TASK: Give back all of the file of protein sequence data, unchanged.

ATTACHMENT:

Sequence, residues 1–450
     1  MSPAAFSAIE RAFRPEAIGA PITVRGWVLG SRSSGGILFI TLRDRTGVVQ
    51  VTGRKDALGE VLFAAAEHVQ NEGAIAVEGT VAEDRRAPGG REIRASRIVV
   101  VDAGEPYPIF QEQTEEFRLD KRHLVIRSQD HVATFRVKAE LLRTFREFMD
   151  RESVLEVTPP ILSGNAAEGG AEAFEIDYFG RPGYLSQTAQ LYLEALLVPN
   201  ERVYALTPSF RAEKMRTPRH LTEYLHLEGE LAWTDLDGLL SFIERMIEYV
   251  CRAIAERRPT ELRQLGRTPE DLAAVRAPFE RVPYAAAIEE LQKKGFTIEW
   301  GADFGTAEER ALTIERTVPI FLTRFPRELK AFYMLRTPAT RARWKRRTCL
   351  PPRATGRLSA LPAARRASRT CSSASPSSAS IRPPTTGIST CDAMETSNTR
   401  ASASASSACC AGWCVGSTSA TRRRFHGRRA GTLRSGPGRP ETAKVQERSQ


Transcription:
Sequence, residues 1–450
     1  MSPAAFSAIE RAFRPEAIGA PITVRGWVLG SRSSGGILFI TLRDRTGVVQ
    51  VTGRKDALGE VLFAAAEHVQ NEGAIAVEGT VAEDRRAPGG REIRASRIVV
   101  VDAGEPYPIF QEQTEEFRLD KRHLVIRSQD HVATFRVKAE LLRTFREFMD
   151  RESVLEVTPP ILSGNAAEGG AEAFEIDYFG RPGYLSQTAQ LYLEALLVPN
   201  ERVYALTPSF RAEKMRTPRH LTEYLHLEGE LAWTDLDGLL SFIERMIEYV
   251  CRAIAERRPT ELRQLGRTPE DLAAVRAPFE RVPYAAAIEE LQKKGFTIEW
   301  GADFGTAEER ALTIERTVPI FLTRFPRELK AFYMLRTPAT RARWKRRTCL
   351  PPRATGRLSA LPAARRASRT CSSASPSSAS IRPPTTGIST CDAMETSNTR
   401  ASASASSACC AGWCVGSTSA TRRRFHGRRA GTLRSGPGRP ETAKVQERSQ